Friday, September 16, 2016


Some of the stories I receive reflect the almost magical quality of boyhood wonder. This one comes from Masami Teraoka, the noted Japanese-American artist now based in Hawaii. (Here's a link to his Wikipedia page, with a fine portrait of the artist.) His meticulously painted, ukiyo-e influenced triptychs satirize everything in contemporary culture from the abuse scandal of Catholic priests to the technology revolution, from American political absurdities and contemporary art itself. Brought up in Japan, Masami's boyhood memories include the distant view of the irradiated sky over Hiroshima in August 6, 1945. That story is for another time. For now, let's settle for magic:

by Masami Teraoka

The girl next door gave me a swallow one day. My sister said, "I know you love birds, so you should take care of it".  I was so excited. Our neighbor had put the swallow in a little insect cage—a very small cage, about 4 x 6 x 6 inches. The little bird’s feathers got trapped every time he or she flapped its wings.

My grandpa was watching all this over his glasses, from the tatami mat by the register in his kimono store. "Oh, Masami!” he said. “A swallow is a good bird, Ekicho; but it’s unlawful to keep a swallow as a pet." "Oops!" I thought, “I’m busted.” But anyway, my sister and I went ahead and climbed upstairs to the 3rd floor—a huge empty defunct space that had been built as a western-style restaurant. When my grandpa opened the kimono store, he opted for an ultra-"modern" concept, where his clients could have lunch upstairs at this western-style restaurant on the 3rd floor. But the idea did not do well, with WWII in progress, so the former restaurant was in a bad state. The curtains at every window were fraying. I had made this my studio.

As soon as we were upstairs, my sister insisted that my granddad had told me to let the bird go, but by then I was already attached to it. I loved the beautiful feathers, the splash of red feathers on the head. They all looked so organized and sleek. Wow, this bird is beautiful, I said to myself. The most striking thing was the swallow’s head, which unlike a sparrow’s is rather flat. I never also had the chance to see a swallow at such a close range. Every part of the bird was new and stunningly beautiful. The long tail feather was really special.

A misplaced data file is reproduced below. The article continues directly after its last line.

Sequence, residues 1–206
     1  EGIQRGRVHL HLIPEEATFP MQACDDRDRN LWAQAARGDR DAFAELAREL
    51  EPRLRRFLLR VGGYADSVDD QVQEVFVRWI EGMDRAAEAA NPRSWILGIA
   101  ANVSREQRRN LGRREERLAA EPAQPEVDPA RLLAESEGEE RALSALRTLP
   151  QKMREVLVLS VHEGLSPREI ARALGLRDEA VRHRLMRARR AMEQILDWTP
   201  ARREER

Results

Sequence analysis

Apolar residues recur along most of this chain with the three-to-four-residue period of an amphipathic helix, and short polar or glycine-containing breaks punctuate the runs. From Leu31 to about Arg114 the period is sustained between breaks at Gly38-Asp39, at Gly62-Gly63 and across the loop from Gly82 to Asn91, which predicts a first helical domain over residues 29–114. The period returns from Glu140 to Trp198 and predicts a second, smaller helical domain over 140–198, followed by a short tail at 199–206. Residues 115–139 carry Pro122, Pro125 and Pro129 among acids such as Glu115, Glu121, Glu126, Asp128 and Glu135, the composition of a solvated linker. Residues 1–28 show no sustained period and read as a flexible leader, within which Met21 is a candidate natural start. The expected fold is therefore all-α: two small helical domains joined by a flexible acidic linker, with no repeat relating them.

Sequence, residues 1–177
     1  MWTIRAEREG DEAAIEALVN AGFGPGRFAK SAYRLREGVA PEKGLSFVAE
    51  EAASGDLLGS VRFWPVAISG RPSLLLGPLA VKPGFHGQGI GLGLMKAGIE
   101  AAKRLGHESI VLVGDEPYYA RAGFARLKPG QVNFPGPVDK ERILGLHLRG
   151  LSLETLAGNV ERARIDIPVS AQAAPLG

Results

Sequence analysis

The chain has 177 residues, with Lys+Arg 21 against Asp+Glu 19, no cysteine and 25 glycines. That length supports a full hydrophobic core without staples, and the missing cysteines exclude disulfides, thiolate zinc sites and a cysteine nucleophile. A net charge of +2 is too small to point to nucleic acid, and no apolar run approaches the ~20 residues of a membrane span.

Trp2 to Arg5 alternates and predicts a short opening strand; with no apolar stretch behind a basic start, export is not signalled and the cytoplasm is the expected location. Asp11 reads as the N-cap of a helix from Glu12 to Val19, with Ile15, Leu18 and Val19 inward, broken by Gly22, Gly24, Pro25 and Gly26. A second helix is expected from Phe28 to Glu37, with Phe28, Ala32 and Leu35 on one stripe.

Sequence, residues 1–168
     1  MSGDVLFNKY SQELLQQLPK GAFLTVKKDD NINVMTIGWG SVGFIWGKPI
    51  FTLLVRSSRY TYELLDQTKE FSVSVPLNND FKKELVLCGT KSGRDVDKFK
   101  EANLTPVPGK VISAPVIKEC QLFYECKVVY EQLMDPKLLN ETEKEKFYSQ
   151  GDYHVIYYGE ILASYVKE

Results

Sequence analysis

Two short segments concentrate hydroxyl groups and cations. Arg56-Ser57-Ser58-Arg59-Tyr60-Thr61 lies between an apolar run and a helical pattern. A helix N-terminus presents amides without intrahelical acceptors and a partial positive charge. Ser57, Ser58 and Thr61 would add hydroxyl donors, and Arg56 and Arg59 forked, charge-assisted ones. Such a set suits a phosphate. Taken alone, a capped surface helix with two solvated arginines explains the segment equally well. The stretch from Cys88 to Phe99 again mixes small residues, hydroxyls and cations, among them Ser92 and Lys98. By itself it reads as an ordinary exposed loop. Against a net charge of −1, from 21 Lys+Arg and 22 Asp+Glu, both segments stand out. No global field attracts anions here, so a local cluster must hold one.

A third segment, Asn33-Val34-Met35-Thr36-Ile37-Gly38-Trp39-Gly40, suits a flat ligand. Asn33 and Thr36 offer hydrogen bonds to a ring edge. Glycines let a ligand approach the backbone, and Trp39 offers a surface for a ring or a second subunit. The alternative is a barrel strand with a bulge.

OK. After I had studied it, I realized the time had come. I had spent about ten minutes with the bird, and my sister once again reminded me that I was supposed to let it go. She opened the large sliding glass window that captured the entire view of Mt. Senkoji. I was so sad to let the bird go! Still, I decided to say goodbye, and opened the cage door. The swallow took a moment to collect him- or herself before flying off toward the Saikokuji temple—one of the many in my home town in the inland sea area.

Yasue and I waved goodbye as we followed the bird’s swift departure. Moments later, it had disappeared into the sky. Whoosh, and it’s gone.

And then, perhaps no more than five minutes after it had left, the bird came back—back to my empty studio space. It started off flying counter-clockwise. We were astonished, excited, elated!!!  We followed the flight-path of the bird in a state of total ecstasy, of total disbelief!!!!  And that was not all…

Before we knew it, there were a few more swallows vying to get into the studio. And then more. Amazed at the spectacle, I started to count them. Wow! Wow! This was incredible! Some began to alight on the curtain rods. Others joined the flock that continued to stream counter-clockwise around the studio. I kept counting, one, two, three… seven, eight, nine, ten, eleven, twelve… fourteen, fifteen, sixteen… Wow! And still more? Twenty-four, twenty-five, twenty six… thirty-five, thirty-six!!!

We were intoxicated, thinking they had come back to thank us!!!  Wow!!!!! We watched the birds’ flight patterns in that counter-clockwise circle, following the movement of the leader. We were totally in heaven!!!!!

Eventually, though, the swallows seemed to have decided to leave. First one left, then another a few seconds later. Then a group of a few birds flew off, then another, and another. We were so sad to see them to go. But we thanked them for their beautiful gratitude. We just could not thank them enough for what seemed almost like a fairytale.

Next thing I knew, this thought popped into my head: what if I had trapped 36 swallows and let them go one by one? Would each of them have brought 36 birds back? What a spectacle that would have been!

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